Baricitinib (Olumiant) is a Janus kinase inhibitor designed to treat moderate to severe rheumatoid arthritis (RA) in patients who have not responded to standard therapies. New research released at the Annual European Congress of Rheumatology (EULAR 2017) in Madrid provides insight into the treatment’s efficacy.
You Might Also Like
Also By This Author
In other news, baricitinib has been approved for use in Japan and was recommended as an RA treatment by the National Institute for Health and Care Excellence (NICE) in the U.K.
Released at EULAR 2017, a new analysis of data from eight clinical trials found that baricitinib– and placebo-treated patients with moderate to severe rheumatoid arthritis (RA) had similar incidence rates of serious infections. Additionally, data from Phase 3 long-term extension trials showed that after two years of baricitinib treatment, patients experienced a significantly lower rate of joint damage progression and continued to have low disease activity throughout treatment. These results were presented during an oral presentation and at two poster presentations.1
During the long-term extension trials, achieving a Simplified Disease Activity Index (SDAI) score of or less than 11 was considered low disease activity. Specifically in one trial, the progression of structural joint damage measured by change in the van der Heijde modified total Sharp score was significantly lower in baricitinib-treated patients throughout the two-year period compared with patients treated with placebo or methotrexate before switching to baricitinib.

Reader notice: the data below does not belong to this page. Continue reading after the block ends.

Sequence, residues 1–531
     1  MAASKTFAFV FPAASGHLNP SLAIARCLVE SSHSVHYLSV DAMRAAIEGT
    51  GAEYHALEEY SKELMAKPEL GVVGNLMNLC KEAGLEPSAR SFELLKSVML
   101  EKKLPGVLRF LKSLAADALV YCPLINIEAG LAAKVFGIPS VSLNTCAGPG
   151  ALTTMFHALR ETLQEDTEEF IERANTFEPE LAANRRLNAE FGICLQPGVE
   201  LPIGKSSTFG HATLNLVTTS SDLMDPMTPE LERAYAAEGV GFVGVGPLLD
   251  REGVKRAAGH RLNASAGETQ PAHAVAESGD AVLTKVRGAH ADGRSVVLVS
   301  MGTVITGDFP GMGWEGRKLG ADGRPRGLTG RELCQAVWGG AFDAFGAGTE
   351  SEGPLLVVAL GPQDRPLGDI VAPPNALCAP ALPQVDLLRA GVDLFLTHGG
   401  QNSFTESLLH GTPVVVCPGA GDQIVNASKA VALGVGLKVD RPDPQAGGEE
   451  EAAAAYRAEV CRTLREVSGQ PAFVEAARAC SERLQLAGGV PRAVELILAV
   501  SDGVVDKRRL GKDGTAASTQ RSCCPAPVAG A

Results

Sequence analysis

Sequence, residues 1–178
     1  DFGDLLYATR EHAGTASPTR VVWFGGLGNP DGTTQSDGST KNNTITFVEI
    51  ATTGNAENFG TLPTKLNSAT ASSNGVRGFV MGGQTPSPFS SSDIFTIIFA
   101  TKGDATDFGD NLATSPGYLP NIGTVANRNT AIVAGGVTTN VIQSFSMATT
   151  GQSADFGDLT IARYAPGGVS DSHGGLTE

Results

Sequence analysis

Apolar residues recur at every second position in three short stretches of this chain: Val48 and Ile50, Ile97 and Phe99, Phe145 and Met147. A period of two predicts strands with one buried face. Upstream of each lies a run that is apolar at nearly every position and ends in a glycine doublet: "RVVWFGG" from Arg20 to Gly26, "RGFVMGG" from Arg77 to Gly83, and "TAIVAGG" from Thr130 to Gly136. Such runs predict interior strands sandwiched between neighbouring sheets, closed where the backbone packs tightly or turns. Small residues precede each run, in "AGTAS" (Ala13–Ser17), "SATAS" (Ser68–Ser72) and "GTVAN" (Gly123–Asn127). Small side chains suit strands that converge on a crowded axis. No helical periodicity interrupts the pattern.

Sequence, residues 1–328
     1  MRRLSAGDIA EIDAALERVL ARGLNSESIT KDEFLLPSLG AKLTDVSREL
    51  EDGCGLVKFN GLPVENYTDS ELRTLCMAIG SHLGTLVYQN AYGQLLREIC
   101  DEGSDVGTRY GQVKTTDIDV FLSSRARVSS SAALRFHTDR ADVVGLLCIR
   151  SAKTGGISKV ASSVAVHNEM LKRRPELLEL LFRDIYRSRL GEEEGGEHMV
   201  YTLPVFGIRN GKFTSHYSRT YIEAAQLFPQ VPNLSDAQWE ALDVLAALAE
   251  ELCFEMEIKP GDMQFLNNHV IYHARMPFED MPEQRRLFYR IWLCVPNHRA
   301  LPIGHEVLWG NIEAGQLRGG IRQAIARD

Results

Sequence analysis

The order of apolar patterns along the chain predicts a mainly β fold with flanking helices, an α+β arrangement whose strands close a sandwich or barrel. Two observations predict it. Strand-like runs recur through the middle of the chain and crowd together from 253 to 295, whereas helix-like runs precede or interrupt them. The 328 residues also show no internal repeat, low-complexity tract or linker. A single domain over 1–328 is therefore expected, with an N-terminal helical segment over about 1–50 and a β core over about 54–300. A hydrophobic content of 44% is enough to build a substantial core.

Additionally, the long-term extension studies showed that among patients treated with baricitinib for up to three years, the proportion of patients with low disease activity at Week 24 in different treatment groups across the trials remained similar or increased after three years. Most patients who were responsive to baricitinib before entering a long-term extension study maintained their response throughout the study.
In July, baricitinib received approval from Japan’s Ministry of Health, Labour and Welfare to treat RA in patients who have an inadequate response to standard therapies.2 This approval was based on a review of data from four late-stage clinical trials with more than 3,000 patients with moderate to severe RA worldwide, including more than 500 Japanese patients. In Japan, it is estimated that approximately 700,000–800,000 patients suffer from RA.
The treatment was also recently deemed cost effective by NICE in the U.K. and was recommended to the National Health Services (NHS) as a treatment for patients with severe active RA who have not responded to intensive therapy with conventional disease-modifying anti-rheumatic drugs.3 The NICE approval was based on data from Phase 3 trials showing that baricitinib-treated patients had significant improvement in the ACR20 response compared with placebo-treated patients. Baricitinib-treated patients also showed promise in preventing progressive radiographic structural joint damage compared with placebo-treated patients, through Week 52 of treatment. Baricitinib-treated patients also had better ACR20 responses compared with methotrexate-treated patients.